OLIVER H. AVEY M.D.
History of Idaho, Volume 2, by Hiram T. French, M.S.
The Lewis Publishing Co., Chicago and New York 1914, Page 771-772
In 1902 Dr. Oliver H. Avey settled in Payette, Idaho, where he proceeded to establish himself in medical practice, and this city has ever since represented the scene of his professional activities, to a great extent, as well as his permanent home. Previous to locating in Payette he had been engaged in the medical profession for one year in Cedar City, Utah, and prior to that experience he had devoted himself for something like fifteen years to educational work, principally in the West. While his work along that line had been more than ordinarily successful, he had ever cherished a desire to enter the medical field, and his fine success has been sufficient to justify that ambition.
Dr. Oliver H. Avey was born in Logan, Ohio, on December 31, 1857, and is the son of George L. and Mary (Fox) Avey. The father, who was a native of Maryland, was born there March 12, 1830, moved to Ohio in 1850 or thereabouts. He was a saddle and harness maker by trade and enjoyed a goodly patronage in his community. He enlisted in the Civil war as a member of Company H of the One Hundred and Fourteenth Ohio Volunteer Infantry, and assisted in this capacity as first lieutenant, in recruiting the company. He served from 1862 until the close of the war, and was honorably discharged with the cessation of hostilities, his military career having been one of honor and distinction throughout, marked by participation in numerous hard fought battles of the war. During his residence in Ohio George L. Avey served his city in various public offices, and was known for a man and a citizen of the highest moral rectitude. He passed his later years in Payette, Oregon,(sb Idaho) and died there on April 19, 1912. He had retired from active business life some time previously and was making his home with Dr. Avey at the time of his death. Previous to coming to Payette Mr. Avey had made his home in Oskaloosa, Iowa, for a number of years, having settled there subsequent to the Civil war period.
The mother of Dr. Avey was a native born German, who came to America with her parents as a child of seven years. They settled in Ohio and there she was reared and educated, and there she met and married her husband. She is yet living at the advanced age of seventy-seven years, and makes her home in Redlands, California, at the present time, with her son, John L. Avey.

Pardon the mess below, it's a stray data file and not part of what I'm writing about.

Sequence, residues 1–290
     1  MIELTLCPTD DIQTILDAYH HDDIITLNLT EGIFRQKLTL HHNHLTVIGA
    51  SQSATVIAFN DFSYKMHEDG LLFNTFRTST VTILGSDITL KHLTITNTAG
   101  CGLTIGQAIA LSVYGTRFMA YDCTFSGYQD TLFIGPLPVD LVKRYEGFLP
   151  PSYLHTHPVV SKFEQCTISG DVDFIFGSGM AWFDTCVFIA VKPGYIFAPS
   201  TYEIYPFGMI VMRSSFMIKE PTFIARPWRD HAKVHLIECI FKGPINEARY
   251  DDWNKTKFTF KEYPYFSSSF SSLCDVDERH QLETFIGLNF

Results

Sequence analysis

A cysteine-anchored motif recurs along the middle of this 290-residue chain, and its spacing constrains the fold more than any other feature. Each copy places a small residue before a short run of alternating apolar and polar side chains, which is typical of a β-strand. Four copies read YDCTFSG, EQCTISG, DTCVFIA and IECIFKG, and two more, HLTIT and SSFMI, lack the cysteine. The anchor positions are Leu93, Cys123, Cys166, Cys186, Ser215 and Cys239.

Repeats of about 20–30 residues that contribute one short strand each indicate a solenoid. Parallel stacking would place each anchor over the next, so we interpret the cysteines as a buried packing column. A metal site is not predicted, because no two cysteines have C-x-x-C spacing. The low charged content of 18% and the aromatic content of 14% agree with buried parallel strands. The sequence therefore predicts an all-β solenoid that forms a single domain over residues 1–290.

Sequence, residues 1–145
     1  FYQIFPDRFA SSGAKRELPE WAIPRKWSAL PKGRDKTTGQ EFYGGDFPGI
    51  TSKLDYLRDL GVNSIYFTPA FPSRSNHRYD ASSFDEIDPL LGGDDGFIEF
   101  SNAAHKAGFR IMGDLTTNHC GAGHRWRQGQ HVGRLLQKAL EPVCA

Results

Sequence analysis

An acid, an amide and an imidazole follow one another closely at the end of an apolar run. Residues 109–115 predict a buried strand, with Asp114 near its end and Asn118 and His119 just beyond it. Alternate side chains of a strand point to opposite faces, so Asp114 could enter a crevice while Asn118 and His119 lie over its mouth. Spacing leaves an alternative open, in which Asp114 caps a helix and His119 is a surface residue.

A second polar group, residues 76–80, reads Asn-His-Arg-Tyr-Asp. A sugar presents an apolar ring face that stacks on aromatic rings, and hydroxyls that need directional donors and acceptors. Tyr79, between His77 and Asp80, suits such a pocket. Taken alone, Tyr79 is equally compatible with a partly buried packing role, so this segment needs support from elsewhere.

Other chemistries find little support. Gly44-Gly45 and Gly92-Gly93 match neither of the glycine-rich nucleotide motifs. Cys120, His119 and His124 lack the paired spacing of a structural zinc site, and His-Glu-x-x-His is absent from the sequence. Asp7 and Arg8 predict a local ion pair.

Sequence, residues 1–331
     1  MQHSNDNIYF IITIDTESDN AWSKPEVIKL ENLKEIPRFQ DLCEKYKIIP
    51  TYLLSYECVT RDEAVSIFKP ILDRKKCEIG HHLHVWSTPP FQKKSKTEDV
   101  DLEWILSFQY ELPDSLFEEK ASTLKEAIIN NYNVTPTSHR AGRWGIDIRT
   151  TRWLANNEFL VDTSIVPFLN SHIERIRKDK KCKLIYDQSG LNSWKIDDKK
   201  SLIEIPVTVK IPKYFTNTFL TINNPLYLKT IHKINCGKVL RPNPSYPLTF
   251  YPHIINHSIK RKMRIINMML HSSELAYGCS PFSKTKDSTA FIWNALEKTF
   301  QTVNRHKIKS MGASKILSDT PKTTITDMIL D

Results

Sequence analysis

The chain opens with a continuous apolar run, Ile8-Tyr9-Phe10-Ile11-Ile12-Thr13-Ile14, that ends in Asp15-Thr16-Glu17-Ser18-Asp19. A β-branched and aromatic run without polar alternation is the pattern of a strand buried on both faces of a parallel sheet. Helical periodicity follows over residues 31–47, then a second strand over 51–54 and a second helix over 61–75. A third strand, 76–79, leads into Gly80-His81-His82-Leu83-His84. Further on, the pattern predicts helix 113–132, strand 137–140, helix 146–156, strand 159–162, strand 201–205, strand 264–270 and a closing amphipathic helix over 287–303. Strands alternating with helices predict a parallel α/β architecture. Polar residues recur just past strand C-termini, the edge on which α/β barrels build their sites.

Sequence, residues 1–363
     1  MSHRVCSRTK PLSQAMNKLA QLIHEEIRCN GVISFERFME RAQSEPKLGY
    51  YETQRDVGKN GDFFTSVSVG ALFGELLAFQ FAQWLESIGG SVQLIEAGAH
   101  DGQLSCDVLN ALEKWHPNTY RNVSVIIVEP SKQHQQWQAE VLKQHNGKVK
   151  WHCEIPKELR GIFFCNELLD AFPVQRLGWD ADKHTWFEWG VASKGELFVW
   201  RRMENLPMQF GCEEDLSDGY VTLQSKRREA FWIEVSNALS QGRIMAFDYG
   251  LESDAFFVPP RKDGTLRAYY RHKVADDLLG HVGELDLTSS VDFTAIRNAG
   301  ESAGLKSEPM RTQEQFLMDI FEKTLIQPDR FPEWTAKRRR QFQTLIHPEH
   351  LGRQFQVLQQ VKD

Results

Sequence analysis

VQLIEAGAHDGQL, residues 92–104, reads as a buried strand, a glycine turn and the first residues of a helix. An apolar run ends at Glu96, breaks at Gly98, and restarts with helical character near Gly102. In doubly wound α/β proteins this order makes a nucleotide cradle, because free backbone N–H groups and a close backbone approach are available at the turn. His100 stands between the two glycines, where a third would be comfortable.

Dr. Avey was educated in the public schools of his native town and later was a student in Penn College of Oskaloosa, Iowa, graduating there from in 1881 with the degree of A. B.
Following his graduation he entered the post office at Oskaloosa and as assistant postmaster he passed four years in that place. He then entered school work, and for a number of years was engaged as principal of the Oskaloosa high school. In 1891 he removed to Salt Lake City, Utah, and for nine years was principal of Washington school in that city, and he was a prominent factor in the organization of the free public school system, the schools of the city being at that time under Mormon regime. When he severed his connection with educational work in Salt Lake City it was to finally indulge a long cherished ambition to enter the medical profession, and in 1901 he was graduated from Rush Medical College with the degree of M. D. He returned to Utah, the West holding out alluring prospects to him, and located in Cedar City, where he remained for one year. In October, 1902, he settled in Payette, Idaho and this city has ever since been the center of his activities in a professional way. In 1904 Dr. Avey took post graduate work in the Chicago Post Graduate College, and has in many other ways labored to keep abreast of the advances made in the medical field. He is a member of the Idaho State and American Medical Associations and of the Northwestern Rush Medical College Alumni Association.
Dr. Avey has become identified with some of the leading financial and industrial concerns in the city, and is president of the Payette National Bank, an office which he has held since its organization in 1906. He is also president of the Payette Valley Land and Orchard Company, and is the owner of some attractive property in and about the city. Politically, Dr. Avey is a Republican, but takes no active part in the affairs of the party. He is president of the Board of Education of Payette, a post which he has occupied since 1904, and which, in view of his past experience in affairs of that nature, he is especially qualified to fill. That his services have proven to be of the most satisfactory order is amply evidenced by his continued incumbency of the office, a circumstance which speaks well for the perspicacity of the citizens of Payette.
Dr. Avey is a member of the Masonic Fraternity, his affiliations being with the blue lodge, the commandery, the knights templar and the ancient Arabic order of the nobles of the mystic shrine. He is a past master of the blue lodge, and has held other offices in the various lodges. He is a member of the Payette Commercial Club.
On July 6, 1886, Dr. Avey was united in marriage with Miss Lorie Pomeroy, the daughter of Steven and Elizabeth Pomeroy, natives of Iowa. They were married in Oskaloosa, Iowa, which was the home of the Pomeroy family. No children were born to Dr. and Mrs. Avey, but they have adopted a child, Irene Avey, who fills the place in their hearts and home which their own daughter might occupy.
Dr. Avey is one of the successful men of this section, his success lying not alone in the generous practice which has been accorded to him but in the splendid confidence which is reposed in him by all who know him and the high place he occupies in public esteem.